The fourth amendment to the United States Constitution provides:
"The right of the people to be secure in their persons, houses, papers, and effects, against unreasonable searches and seizures, shall not be violated, and no Warrants shall issue, but upon probable cause, supported by Oath or affirmation, and particularly describing the place to be searched, and the persons or things to be seized."
Case law cited above has interpreted the fourth amendment to mean that while an affidavit for a search warrant may be based on hearsay, it must inform the magistrate of: (1) underlying circumstances upon which the informant's conclusions are based; and (2) the underlying circumstances from which the officer concluded that the informant was credible or his information reliable.
Testimony brought out at the preliminary hearing and at the suppression hearing in this case disclosed that Officer James Healy deliberately swore falsely in his affidavit. The James Harris named in the affidavit was really some other unnamed person. The name used was false and Healy knew it, but the judge issuing the search warrant was deliberately misled to believe that James Harris was the real name of the informant. Further, a fair reading of the affidavit would not cause one to believe that the "ordinary citizen" referred to in the affidavit and the "James Harris" named therein were one and the same person. In fact, testimony disclosed that they were. Such wording of the affidavit constituted a careful, cunning and calculated scheme to confuse and mislead the court.
• 1, 2 Franks v. Delaware, cited above, authorizes inquiry into questions of false and misleading search warrant affidavits where false statements are not apparent from a mere reading of the document itself. United States v. Carmichael, cited above, is authority for the proposition that deliberate perjury by a government affiant is grounds for striking not only the false statements but the warrant itself and any evidence produced from a search based thereon. This is just such a case. It should also be added that the conduct of Officer Healy in this situation is strongly condemned.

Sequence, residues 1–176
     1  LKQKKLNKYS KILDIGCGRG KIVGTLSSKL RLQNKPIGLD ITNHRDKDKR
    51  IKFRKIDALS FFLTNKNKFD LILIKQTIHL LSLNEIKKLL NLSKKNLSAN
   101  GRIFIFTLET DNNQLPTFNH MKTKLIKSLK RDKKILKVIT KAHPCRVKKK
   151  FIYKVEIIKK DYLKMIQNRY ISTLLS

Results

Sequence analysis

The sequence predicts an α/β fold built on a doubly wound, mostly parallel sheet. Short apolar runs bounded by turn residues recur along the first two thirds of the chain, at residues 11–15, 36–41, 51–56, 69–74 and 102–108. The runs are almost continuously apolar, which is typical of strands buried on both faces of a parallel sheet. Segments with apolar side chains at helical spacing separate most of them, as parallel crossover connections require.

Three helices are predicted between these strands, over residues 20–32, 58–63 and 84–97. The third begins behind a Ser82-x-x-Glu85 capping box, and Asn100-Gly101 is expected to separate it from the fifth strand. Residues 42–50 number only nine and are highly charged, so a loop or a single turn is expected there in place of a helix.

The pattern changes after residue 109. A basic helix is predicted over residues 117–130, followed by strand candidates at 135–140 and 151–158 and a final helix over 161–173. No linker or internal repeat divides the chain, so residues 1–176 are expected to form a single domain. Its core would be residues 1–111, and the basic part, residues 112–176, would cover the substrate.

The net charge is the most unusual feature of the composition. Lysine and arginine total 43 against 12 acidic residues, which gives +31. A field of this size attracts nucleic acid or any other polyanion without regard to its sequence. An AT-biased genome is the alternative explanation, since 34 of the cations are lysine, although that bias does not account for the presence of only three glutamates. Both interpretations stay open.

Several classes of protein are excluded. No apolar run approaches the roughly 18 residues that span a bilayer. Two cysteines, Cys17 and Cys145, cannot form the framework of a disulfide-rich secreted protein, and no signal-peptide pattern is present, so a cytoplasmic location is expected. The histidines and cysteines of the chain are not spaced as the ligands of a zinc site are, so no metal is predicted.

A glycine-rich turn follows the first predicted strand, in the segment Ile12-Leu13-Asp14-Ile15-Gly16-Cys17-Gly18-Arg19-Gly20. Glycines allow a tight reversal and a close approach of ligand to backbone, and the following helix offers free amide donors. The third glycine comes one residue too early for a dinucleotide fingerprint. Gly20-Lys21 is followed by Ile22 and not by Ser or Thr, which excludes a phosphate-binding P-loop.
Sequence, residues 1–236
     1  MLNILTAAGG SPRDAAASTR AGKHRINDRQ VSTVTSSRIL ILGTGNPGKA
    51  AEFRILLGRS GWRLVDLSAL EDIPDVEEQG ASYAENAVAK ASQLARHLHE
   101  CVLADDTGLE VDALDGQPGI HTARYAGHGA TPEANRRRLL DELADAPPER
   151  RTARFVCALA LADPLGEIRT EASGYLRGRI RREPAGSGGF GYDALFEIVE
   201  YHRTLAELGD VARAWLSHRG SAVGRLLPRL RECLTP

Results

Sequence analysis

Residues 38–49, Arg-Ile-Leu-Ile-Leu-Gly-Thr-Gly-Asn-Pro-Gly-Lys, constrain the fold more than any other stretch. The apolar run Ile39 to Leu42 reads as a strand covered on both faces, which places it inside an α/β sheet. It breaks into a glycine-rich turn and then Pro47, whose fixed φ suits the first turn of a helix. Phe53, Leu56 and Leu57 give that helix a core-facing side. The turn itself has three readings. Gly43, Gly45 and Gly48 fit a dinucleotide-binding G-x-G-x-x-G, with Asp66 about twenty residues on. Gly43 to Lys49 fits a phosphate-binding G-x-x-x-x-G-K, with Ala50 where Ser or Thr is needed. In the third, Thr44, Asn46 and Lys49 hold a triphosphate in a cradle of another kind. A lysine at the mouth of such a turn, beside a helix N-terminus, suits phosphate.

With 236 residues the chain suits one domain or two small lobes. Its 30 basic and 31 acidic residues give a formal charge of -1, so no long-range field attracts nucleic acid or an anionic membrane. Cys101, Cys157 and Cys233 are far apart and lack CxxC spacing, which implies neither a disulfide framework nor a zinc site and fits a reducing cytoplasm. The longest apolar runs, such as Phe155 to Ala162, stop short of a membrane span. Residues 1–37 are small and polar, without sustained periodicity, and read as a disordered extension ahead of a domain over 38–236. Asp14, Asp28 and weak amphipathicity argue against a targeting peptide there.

• 3 Additionally, however, and quite apart from its proven falsities, the affidavit is defective on its face. What it does not disclose tells more about the insufficiency of the affidavit than what it does disclose. It does not disclose who gave James Harris the cash or who took Harris to the place of the alleged purchase. It does not even disclose how the affiant knows that James Harris was searched or was picked up by "the surveillance unit," etc. In short, no source of this information is disclosed. It is impossible to determine whether affiant knows this information because he was there and participating or because some unidentified source furnished this information to him. This clearly fails the test of Aguilar and Spinelli.
Thus, the affidavit for search warrant in this case is defective on the dual grounds of falsity and insufficiency, either of which would be fatal defects, even if standing alone.
The decision of the trial court to quash the search warrant and suppress the evidence seized is accordingly affirmed.
SCOTT and STOUDER, JJ., concur.